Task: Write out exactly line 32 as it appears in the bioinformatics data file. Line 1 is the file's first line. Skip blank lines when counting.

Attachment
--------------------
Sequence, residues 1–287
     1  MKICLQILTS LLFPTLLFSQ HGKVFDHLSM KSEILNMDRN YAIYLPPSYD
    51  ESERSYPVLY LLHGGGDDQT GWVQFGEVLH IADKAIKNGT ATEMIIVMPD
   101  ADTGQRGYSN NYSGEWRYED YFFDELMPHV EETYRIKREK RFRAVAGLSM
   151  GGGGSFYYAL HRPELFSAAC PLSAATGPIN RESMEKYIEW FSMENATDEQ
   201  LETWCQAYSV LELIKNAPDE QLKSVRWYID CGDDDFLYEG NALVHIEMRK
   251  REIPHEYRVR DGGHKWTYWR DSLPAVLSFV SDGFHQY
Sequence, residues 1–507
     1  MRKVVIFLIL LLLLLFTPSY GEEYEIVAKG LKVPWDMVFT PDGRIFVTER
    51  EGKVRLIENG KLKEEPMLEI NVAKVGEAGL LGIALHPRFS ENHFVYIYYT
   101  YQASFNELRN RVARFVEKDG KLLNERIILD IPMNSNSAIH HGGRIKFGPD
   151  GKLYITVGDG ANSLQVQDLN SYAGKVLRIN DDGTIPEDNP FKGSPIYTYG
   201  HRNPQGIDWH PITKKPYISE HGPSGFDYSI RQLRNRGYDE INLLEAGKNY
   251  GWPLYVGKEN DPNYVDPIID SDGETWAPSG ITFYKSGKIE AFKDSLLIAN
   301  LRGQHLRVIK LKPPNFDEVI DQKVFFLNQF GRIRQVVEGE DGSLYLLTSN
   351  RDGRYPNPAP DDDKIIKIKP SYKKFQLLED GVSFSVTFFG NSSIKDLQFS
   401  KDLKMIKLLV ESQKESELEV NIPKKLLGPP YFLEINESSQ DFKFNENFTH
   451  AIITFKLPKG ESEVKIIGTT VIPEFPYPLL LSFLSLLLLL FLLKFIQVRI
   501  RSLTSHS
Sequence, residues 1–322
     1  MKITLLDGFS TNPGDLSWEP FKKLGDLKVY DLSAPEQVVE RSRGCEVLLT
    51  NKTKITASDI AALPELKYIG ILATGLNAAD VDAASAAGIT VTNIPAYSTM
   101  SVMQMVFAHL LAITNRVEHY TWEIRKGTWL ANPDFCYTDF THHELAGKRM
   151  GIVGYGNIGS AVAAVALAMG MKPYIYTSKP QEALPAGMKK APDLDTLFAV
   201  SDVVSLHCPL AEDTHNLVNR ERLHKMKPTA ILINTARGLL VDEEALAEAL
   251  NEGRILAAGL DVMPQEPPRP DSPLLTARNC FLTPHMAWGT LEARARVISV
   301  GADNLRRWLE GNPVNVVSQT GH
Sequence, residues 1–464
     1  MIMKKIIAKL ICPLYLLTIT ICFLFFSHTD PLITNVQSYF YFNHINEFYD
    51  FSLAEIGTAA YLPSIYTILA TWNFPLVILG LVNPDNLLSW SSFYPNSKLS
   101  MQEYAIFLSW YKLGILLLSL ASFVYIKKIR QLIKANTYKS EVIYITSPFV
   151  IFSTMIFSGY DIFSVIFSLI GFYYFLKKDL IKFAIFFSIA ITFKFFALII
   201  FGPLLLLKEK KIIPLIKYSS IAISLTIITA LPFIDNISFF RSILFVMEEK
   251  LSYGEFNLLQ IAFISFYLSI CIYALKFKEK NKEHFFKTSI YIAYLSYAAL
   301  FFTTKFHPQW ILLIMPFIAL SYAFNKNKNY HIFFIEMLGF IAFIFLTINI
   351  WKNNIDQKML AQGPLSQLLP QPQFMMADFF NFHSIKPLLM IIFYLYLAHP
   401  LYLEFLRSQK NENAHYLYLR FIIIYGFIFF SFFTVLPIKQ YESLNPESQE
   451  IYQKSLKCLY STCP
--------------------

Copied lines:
   151  IFSTMIFSGY DIFSVIFSLI GFYYFLKKDL IKFAIFFSIA ITFKFFALII